When the report was released on June 3, 2019 there were 46 Inuit-specific recommendations, referred to as ‘calls for justice,’ that included everything from the need for better mental health services in the Arctic to the need for urgent action on the housing crisis.

The action plan for implementing the recommendations had been said to be released June 3, on the one-year anniversary of the report.

Native Women’s Association of Canada (NWAC) calls the delay appalling

The Native Women’s Association of Canada (NWAC) also blasted the decision this week.

“The Native Women’s Association of Canada (NWAC) is appalled to learn that the federal government has no timeline for the release of a National Action Plan to address the ongoing violence against Indigenous women,” they said in a news release on Wednesday.

“After a year of almost no consultation with the people who matter – the Indigenous women of Canada – the Minister chose to announce through the news media that no action plan would be tabled in June and there is no timeline for creating such a document.”

Lorraine Whitman, President of NWAC, says the pandemic “…cannot be used as an excuse for failing to protect the vulnerable Indigenous women of Canada who face increased risk of violence as a result of the disease and required social isolation.” (Nic Meloney/CBC)

NWAC’s President Lorraine Whitman said the pandemic couldn’t be used as an excuse. 

“Rather than a national action plan, Indigenous women have been given a lack-of- action plan,” Whitman said. “Indigenous women are still dying and disappearing in Canada, families are still being left in the dark about the loss of their loved ones. The time to act is now, not years or even months from now.”

“We hope the Indigenous women and girls of Canada have not been abandoned.“

Write to Eilís Quinn at eilis.quinn(at)cbc.ca

Related stories from around the North:

Canada: Women in Northern Canada travel farthest to access domestic violence shelters, CBC News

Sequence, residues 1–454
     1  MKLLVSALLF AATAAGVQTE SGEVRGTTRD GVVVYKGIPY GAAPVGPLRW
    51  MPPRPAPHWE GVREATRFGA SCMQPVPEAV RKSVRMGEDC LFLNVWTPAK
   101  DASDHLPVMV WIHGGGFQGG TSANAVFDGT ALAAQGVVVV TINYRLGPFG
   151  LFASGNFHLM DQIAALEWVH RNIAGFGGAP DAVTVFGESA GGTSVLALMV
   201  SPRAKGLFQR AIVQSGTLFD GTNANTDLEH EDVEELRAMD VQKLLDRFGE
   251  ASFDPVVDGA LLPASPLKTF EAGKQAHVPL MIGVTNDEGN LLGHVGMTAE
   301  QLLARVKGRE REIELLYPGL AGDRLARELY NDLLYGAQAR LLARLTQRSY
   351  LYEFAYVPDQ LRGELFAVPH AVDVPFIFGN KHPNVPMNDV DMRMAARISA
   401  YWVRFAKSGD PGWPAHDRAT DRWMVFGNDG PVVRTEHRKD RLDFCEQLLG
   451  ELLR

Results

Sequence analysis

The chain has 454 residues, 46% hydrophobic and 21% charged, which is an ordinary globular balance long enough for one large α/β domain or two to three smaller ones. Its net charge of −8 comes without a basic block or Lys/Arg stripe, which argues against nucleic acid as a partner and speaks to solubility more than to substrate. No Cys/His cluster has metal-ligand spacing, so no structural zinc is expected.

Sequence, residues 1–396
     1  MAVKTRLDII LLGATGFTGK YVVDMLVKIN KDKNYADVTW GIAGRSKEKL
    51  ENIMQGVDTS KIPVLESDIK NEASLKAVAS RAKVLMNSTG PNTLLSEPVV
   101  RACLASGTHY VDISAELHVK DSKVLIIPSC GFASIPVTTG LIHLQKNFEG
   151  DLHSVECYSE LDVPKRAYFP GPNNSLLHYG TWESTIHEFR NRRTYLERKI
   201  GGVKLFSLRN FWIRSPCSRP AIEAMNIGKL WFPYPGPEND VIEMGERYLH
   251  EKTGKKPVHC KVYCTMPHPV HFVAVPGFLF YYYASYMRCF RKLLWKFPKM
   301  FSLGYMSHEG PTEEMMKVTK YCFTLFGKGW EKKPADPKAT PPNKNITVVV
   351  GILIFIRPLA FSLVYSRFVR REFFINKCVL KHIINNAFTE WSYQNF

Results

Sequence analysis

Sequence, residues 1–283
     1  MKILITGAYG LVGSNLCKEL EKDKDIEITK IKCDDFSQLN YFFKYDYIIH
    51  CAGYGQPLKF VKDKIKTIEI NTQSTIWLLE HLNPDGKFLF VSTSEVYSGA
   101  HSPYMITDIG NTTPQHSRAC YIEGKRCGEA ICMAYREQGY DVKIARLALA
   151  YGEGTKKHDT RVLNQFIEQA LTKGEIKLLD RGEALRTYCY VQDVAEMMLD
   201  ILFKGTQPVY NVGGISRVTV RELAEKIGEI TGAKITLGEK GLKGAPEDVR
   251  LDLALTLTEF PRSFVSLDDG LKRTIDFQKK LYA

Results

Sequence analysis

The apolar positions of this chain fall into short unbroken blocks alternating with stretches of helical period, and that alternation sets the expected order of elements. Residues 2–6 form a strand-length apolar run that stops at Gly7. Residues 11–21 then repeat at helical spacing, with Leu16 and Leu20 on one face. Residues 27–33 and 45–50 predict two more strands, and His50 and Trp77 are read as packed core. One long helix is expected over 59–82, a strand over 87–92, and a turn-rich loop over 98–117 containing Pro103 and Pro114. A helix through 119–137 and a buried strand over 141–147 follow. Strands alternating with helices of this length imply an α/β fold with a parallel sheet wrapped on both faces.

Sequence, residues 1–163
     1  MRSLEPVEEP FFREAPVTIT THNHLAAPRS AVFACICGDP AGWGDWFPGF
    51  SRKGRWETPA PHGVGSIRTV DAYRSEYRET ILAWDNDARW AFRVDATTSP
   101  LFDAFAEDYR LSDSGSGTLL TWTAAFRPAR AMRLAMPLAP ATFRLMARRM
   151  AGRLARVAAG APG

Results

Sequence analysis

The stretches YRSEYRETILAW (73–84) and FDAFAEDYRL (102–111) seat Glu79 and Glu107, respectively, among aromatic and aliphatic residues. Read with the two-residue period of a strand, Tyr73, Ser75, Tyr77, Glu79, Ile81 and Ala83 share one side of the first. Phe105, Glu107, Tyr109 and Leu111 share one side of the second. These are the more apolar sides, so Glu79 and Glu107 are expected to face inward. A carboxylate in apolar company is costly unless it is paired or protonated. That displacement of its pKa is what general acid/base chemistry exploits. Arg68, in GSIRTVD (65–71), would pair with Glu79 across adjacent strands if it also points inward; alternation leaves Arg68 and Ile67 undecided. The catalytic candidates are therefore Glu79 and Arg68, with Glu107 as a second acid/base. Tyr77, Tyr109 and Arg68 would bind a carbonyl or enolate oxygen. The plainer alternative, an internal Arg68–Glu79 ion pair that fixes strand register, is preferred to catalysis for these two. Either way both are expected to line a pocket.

Finland: Swedish-speaking Finnish women launch their own #metoo campaign, Yle News

United States: Alaska reckons with missing data on murdered Indigenous women, Alaska Public Media

Eilís Quinn, Eye on the Arctic

Eilís Quinn, Eye on the Arctic

Eilís Quinn is an award-winning journalist and manages Radio Canada International’s Eye on the Arctic news cooperation project. Eilís has reported from the Arctic regions of all eight circumpolar countries and has produced numerous documentary and multimedia series about climate change and the issues facing Indigenous peoples in the North.

Her investigative report "Death in the Arctic: A community grieves, a father fights for change," about the murder of Robert Adams, a 19-year-old Inuk man from Arctic Quebec, received the silver medal for “Best Investigative Article or Series” at the 2019 Canadian Online Publishing Awards. The project also received an honourable mention for excellence in reporting on trauma at the 2019 Dart Awards in New York City.

Her report “The Arctic Railway: Building a future or destroying an culture?” on the impact a multi-billion euro infrastructure project would have on Indigenous communities in Arctic Europe was a finalist at the 2019 Canadian Association of Journalists award in the online investigative category.

Her multimedia project on the health challenges in the Canadian Arctic, "Bridging the Divide," was a finalist at the 2012 Webby Awards.

Her work on climate change in the Arctic has also been featured on the TV science program Découverte, as well as Le Téléjournal, the French-Language CBC’s flagship news cast.

Eilís has worked for media organizations in Canada and the United States and as a TV host for the Discovery/BBC Worldwide series "Best in China."